Even if we had gone done the route of becoming a ‘Nation State’ there’s no reason to suppose that we would have become just a single one, within the existing border of the Wales Peninsula. Offa’s Dyke was never a National Border. It existed to provide a look out post in case any violent rabble came to loot the wealth and treasures of Mercia.
Had Wales become a ‘Nation State’ it would likely have been confined within the borders of what we now see as ‘Welsh Speaking Wales’, that being the ancient Celtic regions of Deheubarth, Gwynedd, Anglesey, and the far West of Powys.
The happy consequence of Welsh Geography and History, is that we never never acquired the pretentious centralised Government which inevitably insists on dominating every aspect of our lives. Any libertarian should welcome our good fortune. Early in the the 20th Century Wales even managed to dump the Church of England.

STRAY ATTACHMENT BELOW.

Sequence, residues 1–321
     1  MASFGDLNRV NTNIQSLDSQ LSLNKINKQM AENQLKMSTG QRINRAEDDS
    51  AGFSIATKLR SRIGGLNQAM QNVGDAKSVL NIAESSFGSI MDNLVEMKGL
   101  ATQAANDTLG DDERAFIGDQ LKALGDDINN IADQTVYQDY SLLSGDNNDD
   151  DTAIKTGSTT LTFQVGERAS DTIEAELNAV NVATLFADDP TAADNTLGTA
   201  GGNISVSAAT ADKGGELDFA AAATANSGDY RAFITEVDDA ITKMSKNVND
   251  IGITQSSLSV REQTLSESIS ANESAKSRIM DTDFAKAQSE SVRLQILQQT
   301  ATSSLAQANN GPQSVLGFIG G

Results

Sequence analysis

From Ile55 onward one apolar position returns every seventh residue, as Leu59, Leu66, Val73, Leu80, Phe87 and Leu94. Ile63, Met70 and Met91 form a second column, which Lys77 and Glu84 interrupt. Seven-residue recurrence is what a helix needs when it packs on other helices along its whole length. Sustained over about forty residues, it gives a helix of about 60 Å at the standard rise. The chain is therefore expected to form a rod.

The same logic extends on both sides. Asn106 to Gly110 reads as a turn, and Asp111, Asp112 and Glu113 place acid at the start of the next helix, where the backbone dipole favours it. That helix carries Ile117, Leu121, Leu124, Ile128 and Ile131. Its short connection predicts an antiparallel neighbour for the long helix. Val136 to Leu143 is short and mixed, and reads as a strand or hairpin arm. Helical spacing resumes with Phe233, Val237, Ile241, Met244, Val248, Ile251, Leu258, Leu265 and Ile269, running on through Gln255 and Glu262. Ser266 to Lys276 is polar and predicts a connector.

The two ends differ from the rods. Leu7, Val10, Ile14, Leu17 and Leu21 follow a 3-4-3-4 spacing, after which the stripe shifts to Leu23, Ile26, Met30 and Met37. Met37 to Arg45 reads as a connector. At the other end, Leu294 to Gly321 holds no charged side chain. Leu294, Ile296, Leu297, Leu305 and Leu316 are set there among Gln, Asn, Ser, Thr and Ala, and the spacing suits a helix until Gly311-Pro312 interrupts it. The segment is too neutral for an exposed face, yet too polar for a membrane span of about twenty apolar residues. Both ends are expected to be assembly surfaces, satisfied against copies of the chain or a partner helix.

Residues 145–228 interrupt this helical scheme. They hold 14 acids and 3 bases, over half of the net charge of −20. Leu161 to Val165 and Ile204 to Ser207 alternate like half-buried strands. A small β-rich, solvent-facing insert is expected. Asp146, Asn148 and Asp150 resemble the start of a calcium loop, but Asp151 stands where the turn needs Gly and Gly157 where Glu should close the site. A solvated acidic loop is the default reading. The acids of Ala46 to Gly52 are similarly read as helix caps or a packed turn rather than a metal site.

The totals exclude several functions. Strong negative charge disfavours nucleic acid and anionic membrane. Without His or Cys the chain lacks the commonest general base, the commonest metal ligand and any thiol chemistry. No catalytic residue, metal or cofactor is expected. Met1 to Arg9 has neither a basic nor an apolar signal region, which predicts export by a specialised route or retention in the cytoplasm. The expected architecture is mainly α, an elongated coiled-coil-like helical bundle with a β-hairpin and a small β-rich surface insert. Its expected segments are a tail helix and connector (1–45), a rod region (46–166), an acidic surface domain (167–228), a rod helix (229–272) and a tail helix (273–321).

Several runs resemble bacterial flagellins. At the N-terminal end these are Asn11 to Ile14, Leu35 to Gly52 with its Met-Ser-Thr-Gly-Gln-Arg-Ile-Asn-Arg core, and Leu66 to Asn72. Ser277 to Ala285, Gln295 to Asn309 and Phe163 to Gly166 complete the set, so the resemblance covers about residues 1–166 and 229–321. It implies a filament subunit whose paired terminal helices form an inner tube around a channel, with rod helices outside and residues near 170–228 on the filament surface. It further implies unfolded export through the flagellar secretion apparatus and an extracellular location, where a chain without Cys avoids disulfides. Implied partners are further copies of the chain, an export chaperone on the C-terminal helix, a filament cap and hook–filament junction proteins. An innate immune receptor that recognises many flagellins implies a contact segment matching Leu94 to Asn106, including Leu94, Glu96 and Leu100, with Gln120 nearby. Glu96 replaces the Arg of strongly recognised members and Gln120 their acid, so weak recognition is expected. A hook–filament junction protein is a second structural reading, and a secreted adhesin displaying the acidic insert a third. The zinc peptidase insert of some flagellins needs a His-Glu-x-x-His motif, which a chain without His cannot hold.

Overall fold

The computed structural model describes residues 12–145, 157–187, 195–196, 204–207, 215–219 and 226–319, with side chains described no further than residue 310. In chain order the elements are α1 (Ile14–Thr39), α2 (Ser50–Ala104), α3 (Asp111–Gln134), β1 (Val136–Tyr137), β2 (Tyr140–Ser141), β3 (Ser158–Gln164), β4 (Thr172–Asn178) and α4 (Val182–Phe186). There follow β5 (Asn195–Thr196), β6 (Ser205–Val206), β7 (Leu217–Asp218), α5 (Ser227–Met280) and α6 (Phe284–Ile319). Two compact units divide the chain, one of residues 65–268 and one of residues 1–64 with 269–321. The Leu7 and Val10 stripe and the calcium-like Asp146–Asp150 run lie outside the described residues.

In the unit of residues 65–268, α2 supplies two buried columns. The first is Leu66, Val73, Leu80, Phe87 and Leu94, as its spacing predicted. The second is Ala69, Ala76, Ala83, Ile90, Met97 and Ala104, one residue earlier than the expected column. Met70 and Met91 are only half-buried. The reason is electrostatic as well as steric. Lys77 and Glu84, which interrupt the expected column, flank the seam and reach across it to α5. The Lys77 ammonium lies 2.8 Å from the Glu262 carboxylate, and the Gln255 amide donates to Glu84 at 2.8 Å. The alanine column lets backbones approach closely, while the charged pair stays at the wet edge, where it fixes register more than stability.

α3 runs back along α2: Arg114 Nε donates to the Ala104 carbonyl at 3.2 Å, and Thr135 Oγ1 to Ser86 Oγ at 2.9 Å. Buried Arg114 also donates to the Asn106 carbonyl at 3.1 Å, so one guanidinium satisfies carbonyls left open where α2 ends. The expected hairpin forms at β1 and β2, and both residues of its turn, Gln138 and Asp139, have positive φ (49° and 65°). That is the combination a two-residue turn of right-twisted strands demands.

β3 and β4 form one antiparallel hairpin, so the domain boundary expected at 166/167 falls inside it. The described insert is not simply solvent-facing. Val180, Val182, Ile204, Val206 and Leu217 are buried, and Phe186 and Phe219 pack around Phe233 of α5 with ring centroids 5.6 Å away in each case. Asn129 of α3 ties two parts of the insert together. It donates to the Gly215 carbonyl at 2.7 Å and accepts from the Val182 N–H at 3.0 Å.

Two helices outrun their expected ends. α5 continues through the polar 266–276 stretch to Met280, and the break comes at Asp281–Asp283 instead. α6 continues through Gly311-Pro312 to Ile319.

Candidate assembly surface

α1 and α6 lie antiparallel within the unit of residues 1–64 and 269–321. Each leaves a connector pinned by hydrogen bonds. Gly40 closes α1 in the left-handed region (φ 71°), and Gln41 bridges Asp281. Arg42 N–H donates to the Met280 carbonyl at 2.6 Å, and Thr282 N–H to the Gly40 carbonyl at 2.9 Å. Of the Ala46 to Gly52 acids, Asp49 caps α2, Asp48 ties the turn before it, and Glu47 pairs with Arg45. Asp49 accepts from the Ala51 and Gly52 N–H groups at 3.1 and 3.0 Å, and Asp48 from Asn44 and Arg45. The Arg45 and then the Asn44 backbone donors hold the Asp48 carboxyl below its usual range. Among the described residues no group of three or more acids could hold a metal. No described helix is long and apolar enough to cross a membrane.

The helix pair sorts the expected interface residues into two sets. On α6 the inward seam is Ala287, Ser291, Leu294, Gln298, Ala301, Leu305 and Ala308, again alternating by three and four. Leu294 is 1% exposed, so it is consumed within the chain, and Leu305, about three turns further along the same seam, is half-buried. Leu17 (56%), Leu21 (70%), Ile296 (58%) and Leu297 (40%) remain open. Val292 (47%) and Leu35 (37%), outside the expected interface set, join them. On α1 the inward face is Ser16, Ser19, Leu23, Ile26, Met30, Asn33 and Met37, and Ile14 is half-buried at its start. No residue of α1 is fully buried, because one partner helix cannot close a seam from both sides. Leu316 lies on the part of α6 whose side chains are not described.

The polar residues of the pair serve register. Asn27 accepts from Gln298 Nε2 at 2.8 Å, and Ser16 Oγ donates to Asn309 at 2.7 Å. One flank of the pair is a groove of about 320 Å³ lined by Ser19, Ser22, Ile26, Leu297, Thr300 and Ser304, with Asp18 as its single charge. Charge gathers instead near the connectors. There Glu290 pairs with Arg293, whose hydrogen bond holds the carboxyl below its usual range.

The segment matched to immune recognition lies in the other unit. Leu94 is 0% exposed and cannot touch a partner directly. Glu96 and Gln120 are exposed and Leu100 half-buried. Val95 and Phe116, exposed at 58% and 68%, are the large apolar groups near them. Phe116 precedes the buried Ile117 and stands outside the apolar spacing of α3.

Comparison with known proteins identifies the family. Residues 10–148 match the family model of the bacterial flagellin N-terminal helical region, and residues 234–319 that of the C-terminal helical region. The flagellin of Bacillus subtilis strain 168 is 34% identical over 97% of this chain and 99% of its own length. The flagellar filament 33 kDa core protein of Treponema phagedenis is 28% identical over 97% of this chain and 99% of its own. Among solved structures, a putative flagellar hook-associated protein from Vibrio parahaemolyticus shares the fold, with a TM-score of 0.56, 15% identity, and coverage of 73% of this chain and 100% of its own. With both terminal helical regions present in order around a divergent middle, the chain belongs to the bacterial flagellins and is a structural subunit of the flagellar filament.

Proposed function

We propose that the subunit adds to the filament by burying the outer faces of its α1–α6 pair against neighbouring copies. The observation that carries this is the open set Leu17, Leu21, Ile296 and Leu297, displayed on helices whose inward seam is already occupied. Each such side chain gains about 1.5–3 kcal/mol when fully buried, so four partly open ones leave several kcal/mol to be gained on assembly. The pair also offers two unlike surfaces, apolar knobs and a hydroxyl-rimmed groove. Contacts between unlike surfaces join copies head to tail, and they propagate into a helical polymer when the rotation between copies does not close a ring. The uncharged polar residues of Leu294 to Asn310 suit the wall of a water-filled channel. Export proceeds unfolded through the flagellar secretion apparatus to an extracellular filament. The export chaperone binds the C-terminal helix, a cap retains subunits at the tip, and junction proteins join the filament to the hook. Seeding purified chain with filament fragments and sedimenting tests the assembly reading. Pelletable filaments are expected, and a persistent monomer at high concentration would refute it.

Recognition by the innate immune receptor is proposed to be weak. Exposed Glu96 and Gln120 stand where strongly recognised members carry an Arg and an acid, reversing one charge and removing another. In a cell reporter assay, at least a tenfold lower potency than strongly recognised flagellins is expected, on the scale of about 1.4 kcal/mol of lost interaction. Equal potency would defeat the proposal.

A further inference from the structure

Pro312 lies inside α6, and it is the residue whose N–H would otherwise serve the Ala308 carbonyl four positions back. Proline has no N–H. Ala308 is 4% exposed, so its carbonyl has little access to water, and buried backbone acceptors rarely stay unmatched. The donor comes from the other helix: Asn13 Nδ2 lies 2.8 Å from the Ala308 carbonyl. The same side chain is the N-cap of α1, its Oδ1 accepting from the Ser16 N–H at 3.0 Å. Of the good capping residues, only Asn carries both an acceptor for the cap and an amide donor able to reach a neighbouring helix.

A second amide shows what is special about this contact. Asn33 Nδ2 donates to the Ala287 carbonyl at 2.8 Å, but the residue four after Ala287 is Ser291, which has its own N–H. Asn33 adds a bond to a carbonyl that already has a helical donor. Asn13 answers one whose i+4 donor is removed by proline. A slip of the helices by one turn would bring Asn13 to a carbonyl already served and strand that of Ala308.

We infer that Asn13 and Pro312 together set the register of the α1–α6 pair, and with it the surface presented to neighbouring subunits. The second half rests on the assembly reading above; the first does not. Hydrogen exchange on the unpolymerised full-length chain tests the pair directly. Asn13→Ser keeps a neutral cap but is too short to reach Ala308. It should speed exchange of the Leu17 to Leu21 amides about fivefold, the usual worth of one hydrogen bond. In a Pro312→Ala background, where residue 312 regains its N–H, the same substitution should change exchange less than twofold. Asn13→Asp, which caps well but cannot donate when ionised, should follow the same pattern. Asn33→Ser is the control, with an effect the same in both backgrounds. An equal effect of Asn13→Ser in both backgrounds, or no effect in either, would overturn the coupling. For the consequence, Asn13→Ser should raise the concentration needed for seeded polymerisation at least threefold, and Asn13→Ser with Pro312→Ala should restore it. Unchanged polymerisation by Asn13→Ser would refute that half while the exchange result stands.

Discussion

‘Nations’ are nearly always forged in blood, but apart from, what by the standards of history, were minor skirmishes, Wales never endured such horrors. The last attempts at creating a Nation State petered out in the 15th Century and so (in cultural memory at least) are long forgotten. Not for us the agonising embittered memories the Scots and Irish still endure. Welsh people recognised long ago that they were hopelessly out gunned by the English, and reconciled themselves to making the best of it. Welsh ‘Nationalism’, such as it was, (and is), focussed more on the healthier ‘community’ driven and cultural aspects of life.